Michelle Obama knows how important a Black family in the White House is to African-American children. As her husband Barack Obama’s final term as president comes to a close, the spouses reflected on their greatest impact.
“I think when it comes to Black kids, it means something for them to have spent most of their life seeing the family in the White House look like them,” she told Essence for their October issue. “It matters. All the future work that Barack talked about, I think over these last few years, we’ve kind of knocked the ceiling of limitation off the roofs of many young kids; imaginations of what’s possible for them.”
Michelle also explained her “lasting impact” of showing Black children their goals are achievable.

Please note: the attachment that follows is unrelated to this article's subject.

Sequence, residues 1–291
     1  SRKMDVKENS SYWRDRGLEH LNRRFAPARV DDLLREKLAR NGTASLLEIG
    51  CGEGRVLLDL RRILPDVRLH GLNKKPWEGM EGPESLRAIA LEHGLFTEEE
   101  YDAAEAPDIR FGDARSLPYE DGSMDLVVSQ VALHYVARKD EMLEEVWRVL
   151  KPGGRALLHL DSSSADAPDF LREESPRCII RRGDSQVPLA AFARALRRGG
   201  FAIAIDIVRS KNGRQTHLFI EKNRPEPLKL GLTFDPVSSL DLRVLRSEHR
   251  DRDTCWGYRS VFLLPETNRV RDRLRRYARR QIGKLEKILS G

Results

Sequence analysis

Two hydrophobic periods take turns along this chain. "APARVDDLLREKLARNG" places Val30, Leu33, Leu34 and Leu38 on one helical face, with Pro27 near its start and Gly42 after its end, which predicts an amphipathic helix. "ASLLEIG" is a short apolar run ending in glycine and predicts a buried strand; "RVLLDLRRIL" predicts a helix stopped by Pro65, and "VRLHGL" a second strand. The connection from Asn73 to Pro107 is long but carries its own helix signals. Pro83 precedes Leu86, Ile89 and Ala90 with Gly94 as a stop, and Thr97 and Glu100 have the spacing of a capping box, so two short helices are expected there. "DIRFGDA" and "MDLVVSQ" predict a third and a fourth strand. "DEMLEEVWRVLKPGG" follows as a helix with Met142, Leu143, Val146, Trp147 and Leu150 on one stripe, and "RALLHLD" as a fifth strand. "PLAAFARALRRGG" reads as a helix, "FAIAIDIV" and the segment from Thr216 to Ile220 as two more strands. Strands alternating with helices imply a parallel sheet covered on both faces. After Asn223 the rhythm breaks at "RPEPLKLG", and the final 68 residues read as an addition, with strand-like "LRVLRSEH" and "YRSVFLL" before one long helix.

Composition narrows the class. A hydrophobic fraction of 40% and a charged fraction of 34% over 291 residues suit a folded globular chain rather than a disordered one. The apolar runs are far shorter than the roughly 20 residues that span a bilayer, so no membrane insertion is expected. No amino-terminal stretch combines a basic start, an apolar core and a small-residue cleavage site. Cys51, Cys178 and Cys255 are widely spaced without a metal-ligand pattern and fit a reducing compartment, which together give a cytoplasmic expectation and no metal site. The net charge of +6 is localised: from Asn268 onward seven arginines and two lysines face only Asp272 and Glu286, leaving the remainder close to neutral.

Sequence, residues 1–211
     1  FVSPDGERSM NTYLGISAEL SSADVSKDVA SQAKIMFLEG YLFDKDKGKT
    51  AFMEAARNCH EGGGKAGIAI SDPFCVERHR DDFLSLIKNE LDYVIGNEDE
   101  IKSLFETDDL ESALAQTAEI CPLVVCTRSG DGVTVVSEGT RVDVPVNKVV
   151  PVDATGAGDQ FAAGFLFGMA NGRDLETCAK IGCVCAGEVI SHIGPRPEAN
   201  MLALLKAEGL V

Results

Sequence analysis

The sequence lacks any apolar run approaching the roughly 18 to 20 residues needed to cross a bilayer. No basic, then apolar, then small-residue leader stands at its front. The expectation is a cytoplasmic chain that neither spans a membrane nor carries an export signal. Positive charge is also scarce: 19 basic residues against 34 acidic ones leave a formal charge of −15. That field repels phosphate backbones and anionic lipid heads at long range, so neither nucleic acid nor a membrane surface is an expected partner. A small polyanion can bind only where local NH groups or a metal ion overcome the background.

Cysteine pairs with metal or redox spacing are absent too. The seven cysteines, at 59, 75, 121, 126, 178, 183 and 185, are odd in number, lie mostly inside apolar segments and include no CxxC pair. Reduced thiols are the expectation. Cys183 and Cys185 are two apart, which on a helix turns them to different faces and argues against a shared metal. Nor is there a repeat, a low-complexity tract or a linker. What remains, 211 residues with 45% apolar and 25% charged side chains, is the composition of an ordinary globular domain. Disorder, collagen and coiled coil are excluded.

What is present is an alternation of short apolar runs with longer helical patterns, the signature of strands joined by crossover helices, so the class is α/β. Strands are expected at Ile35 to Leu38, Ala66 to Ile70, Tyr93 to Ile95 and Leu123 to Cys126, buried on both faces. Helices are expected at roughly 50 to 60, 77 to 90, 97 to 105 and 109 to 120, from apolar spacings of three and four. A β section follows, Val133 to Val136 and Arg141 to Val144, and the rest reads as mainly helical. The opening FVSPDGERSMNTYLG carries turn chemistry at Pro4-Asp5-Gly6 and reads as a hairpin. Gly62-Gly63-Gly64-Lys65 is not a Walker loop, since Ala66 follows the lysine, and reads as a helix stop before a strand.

“As a mother, I wouldn’t underestimate how important that is, having that vision that you can really do anything – not because somebody told you, but because you’ve seen and experienced it,” she added. “I think that will be a lasting impact on our kids.”
The first lady covers the magazine with Barack, who opened up about his My Brother’s Keeper initiative. He explained it is the most notable accomplishment as president.
“For me, things like My Brother’s Keeper, that’s something I’m confident we’ll be continuing after we leave.”
The program was launched in 2014 to guide Black boys and minority males onto a path of success. It brought together a set of non-profit groups, businesses and philanthropic organizations to make that happen. Most recently, Barack teamed up with Stephen Curry to promote the importance of mentors.
Both Barack and Michelle hope to see the program and the first lady’s global education initiative, Let Girls Learn, live on after their time at the White House is over.
And while the president believes “America is better off now than we were when we came into office,” he notes “we still have a lot of work to do.”